26. The size of firms and the nature of Innovation: As firms get larger they obtain fewer inventions per R&D dollar, whether inventions are measured with patents or alternatives. The inventions they do get also tend to be more incremental, again, whether we measure with patent-based proxies or others.

  27. Transportation and innovation: When regions are better connected by transit links, collaboration by inventors and scientists across those regions increases, as measured by either patents or papers.

  28. What does peer review know? One study looking at NIH peer review scores finds that grants with higher scores tend to lead to more publications, more citations, and more patents.

  29. When extreme necessity is the mother of invention: Covid-19 spurred a surge in new invention in technologies to mitigate its effects, whether medical treatments (measured by new clinical trials) or patent applications for remote work technology.

  30. When technology goes bad: A greater share of R&D is focused on health and safety, whether measured by the share of patents that correspond to medical technologies, or the share of publicly funded research spending on health and environment.

  31. Why proximity matters: who you know: Evidence from patents citations is consistent with a story where distance is not a strong impediment to sharing knowledge with people you have relationships with, but an impediment to forming such relationships. This is consistent with evidence from academia.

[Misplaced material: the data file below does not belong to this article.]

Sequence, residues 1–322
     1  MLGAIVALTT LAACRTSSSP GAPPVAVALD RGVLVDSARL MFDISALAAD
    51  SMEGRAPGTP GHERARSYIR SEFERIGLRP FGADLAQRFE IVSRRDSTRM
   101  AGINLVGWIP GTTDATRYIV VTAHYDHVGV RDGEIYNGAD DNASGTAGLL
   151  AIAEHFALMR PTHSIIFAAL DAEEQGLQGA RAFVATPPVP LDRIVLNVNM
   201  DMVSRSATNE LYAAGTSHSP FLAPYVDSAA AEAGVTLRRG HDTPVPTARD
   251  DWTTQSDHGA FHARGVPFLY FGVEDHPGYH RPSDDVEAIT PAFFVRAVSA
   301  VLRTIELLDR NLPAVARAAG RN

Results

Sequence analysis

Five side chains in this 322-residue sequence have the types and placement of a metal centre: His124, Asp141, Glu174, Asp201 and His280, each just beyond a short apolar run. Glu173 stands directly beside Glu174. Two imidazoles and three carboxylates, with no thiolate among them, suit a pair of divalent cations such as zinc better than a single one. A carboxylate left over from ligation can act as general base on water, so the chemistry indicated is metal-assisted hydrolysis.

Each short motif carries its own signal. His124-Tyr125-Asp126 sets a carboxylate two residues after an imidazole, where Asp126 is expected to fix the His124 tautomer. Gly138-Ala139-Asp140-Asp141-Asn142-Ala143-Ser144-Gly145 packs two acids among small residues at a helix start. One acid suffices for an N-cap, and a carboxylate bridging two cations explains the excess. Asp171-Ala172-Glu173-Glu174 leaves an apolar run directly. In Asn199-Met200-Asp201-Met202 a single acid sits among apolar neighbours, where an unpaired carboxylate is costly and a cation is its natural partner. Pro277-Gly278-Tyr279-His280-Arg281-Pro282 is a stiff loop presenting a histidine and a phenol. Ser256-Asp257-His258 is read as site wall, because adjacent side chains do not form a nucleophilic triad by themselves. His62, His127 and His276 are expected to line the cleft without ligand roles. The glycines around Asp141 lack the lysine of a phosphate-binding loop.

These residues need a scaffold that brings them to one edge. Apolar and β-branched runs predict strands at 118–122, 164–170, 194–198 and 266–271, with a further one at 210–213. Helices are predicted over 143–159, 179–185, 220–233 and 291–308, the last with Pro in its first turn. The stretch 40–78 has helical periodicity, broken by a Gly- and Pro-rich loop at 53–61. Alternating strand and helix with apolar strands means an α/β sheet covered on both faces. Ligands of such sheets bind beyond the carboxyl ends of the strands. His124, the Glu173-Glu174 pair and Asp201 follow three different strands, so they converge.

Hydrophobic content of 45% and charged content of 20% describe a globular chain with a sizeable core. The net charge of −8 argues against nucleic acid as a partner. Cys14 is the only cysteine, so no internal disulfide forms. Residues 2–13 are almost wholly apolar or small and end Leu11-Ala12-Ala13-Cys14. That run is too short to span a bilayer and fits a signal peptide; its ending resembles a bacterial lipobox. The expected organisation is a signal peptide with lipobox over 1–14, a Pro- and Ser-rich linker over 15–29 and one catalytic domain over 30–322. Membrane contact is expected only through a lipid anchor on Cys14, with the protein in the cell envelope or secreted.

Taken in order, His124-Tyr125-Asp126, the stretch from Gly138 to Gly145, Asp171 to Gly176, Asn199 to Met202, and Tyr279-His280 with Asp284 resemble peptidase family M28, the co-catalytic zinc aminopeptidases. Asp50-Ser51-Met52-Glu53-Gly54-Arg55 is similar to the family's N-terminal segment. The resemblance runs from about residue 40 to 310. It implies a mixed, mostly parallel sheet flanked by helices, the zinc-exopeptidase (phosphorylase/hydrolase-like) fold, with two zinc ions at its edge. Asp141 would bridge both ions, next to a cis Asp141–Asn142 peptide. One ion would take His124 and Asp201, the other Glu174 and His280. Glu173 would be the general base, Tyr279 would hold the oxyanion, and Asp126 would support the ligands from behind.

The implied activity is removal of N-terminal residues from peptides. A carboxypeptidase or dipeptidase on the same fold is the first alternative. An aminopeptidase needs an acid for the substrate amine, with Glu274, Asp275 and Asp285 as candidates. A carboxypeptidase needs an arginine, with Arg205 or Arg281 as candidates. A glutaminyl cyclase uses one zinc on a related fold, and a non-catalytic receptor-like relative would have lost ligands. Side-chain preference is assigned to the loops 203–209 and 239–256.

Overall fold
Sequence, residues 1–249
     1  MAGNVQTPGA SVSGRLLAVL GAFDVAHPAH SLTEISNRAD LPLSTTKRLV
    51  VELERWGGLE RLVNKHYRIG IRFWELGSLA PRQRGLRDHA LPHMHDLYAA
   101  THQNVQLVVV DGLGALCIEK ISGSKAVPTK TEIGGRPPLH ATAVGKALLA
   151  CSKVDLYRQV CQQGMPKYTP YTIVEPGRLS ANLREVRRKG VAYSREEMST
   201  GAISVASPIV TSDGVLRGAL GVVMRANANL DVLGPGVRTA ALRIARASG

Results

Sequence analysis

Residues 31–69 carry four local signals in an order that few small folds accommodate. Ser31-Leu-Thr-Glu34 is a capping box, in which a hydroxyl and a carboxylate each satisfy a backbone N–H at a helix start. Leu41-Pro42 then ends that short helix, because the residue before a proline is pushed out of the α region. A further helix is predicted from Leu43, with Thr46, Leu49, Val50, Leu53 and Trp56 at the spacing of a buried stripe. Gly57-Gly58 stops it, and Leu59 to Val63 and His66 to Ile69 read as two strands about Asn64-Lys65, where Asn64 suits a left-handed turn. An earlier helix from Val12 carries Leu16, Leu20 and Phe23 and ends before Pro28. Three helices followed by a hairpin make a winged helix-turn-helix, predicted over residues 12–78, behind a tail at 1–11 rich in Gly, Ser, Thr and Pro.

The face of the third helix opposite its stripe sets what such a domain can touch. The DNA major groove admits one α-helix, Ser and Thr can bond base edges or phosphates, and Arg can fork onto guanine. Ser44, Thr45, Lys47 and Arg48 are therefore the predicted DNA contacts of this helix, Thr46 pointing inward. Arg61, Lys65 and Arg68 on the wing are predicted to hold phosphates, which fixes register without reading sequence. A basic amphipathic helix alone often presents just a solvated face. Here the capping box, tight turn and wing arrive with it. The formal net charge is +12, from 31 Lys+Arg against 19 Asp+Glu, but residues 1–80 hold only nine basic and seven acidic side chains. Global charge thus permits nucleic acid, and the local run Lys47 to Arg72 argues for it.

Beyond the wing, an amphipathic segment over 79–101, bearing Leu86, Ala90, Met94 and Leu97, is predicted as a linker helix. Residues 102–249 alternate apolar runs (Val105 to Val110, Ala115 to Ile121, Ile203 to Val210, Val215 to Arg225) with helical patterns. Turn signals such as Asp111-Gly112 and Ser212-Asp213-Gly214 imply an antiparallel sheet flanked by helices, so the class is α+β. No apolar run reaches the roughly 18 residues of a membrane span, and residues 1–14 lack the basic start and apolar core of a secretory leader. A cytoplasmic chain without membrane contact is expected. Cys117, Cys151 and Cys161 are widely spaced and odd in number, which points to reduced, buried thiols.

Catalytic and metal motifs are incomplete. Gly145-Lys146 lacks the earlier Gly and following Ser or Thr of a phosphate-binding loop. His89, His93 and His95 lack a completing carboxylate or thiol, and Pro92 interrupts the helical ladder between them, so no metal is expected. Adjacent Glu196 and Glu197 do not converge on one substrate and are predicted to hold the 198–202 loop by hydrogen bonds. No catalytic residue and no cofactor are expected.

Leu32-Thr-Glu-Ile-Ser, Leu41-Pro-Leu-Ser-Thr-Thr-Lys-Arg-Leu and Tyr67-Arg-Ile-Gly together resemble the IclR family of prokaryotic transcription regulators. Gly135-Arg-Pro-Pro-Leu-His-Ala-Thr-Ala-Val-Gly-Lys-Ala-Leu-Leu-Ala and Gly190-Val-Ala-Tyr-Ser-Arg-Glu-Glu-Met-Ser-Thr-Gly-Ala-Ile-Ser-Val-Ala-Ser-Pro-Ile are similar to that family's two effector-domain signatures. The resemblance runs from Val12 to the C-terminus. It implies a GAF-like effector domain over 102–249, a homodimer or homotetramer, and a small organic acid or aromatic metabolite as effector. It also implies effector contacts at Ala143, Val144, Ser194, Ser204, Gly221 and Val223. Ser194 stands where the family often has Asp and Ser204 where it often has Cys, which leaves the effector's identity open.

Selection Bias?

The above finds broad agreement between innovation studies that use patent data and those that don’t, where they study closely related phenomena. But we might reasonably worry: is this just an artifact of selection?

Indeed, there are multiple possible layers of selection bias.

The first level of selection bias is that researchers decide when and when not to use patent data. In this post’s exercise, I’m only observing the cases where the researcher thought patents would be an appropriate measure of innovation and where I thought the paper was a good fit for New Things Under the Sun. And so the claim that “patent and non-patent data tend to arrive at similar conclusions” only applies to the set of claims where researchers thought patents were an appropriate dataset (and I thought the researchers wrote a nice paper).